I grew up in a house full of books, many among them crime novels (think: Agatha Christie), but I have only come to appreciate the genre when, while living in Italy, I totally fell in love with Andrea Camilleri’s crime novels. His Sicilian police inspector Salvo Montalbano was named after the Spanish writer Manuel Vázques Montalbán, equally a writer of the so-called social crime novel. Camilleri’s stories are written in Sicilian dialect, and, while they deal in a critical way with the Berlusconi era in Italy, they also reveal a lot about Sicily, its people, and its cuisine. Salvo Montalbano is what we would call a “foodie” (but who in Italy isn’t?), and the descriptions of his meals should not be read while hungry.
Crime fiction is very popular in Europe, and regionally-set crime stories are finally crossing borders. More and more books are being translated and made available to readers from other countries. In particular, Scandinavian crime fiction is now widely-read abroad, thanks to the success of Henning Mankell with his Inspector Kurt Wallander, Stieg Larsson and his Millennium Trilogy, and Norwegian author Jo Nesbø with his protagonist inspector Harry Hole.
In Austria in recent years, we have also seen a rise in popularity for regionally set crime novels. Wolf Haas and his detective novels with protagonist Simon Brenner are among the best known. Another author whose books have been translated into English is the Austrian author and psychiatrist Paulus Hochgatterer with his fictional characters psychiatrist Raffael Horn and criminal commissioner Kovacs. In The Sweetness of Life and The Mattress House, the protagonists have to deal with crimes that involve serious psychiatric cases. Ursula Poznanski writes crime stories for young adults and adults, and her thriller Erebos, the story about an online game with manipulative powers that becomes very popular among students, has been a huge success not only in German speaking countries.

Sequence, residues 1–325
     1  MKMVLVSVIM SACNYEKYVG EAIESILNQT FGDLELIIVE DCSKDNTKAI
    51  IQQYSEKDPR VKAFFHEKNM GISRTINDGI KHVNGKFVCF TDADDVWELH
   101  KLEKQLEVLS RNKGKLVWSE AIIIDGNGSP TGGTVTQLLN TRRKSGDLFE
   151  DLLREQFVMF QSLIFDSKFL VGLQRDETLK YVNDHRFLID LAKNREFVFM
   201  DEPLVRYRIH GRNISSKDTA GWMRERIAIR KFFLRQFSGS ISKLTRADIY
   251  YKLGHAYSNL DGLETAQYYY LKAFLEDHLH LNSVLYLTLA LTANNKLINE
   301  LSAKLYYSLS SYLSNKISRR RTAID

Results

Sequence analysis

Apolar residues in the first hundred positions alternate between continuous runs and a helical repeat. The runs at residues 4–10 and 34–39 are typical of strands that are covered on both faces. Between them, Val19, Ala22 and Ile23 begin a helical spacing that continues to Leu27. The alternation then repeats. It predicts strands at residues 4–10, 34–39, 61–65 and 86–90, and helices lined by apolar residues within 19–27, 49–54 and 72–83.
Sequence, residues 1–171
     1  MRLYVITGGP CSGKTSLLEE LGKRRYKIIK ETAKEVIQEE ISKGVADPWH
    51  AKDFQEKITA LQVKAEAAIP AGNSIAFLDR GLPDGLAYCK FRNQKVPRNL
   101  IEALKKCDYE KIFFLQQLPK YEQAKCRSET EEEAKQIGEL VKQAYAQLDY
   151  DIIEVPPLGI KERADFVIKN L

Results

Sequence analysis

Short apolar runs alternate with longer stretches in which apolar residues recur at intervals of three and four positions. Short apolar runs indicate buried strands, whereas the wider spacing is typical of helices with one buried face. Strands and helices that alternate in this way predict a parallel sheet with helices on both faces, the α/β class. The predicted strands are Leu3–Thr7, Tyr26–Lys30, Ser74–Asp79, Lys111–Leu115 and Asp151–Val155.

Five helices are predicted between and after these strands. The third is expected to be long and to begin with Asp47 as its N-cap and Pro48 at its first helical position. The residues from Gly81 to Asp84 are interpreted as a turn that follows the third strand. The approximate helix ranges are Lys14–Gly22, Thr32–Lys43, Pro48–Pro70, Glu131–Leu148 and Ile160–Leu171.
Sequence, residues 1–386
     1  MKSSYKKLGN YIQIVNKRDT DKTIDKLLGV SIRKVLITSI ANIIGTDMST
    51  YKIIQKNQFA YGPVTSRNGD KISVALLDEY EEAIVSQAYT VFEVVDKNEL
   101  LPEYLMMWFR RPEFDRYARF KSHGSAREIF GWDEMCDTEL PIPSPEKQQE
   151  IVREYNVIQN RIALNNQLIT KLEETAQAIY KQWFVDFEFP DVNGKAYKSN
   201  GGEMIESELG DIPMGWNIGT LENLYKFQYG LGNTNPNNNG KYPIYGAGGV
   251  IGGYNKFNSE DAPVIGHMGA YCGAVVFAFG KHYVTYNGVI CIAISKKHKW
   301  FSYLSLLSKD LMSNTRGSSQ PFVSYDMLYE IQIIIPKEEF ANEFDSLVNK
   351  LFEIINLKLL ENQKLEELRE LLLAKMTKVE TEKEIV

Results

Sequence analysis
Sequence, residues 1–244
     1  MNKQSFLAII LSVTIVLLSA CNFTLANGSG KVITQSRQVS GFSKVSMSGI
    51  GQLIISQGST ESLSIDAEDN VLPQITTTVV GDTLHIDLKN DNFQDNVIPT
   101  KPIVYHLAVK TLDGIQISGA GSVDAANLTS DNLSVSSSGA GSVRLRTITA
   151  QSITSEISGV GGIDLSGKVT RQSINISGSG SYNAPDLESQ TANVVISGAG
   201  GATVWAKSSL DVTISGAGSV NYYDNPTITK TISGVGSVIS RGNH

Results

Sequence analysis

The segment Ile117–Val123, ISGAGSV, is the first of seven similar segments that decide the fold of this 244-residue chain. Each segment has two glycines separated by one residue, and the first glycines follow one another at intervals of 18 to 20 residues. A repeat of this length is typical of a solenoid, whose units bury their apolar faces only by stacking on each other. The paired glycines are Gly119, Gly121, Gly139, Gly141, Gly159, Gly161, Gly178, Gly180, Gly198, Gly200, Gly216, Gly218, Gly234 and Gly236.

Other great contemporary Austrian writers of crime fiction you should check out (their works are available in our library in German) are:
Still relatively unknown is the writer Bernhard Aichner, but, according to a recent article on the website of Austrian Public Television (orf.at, http://orf.at/stories/2221507/), his new crime story Totenfrau apparently is already a big success. The book rights for many countries, as well as the film rights, have already been sold before its publication, which is very rare.
If you are interested in reading Austrian crime fiction, which is a great way to get to know more about a country and its regional peculiarities, please contact me at firstname.lastname@example.org or by phone 212 319 5300.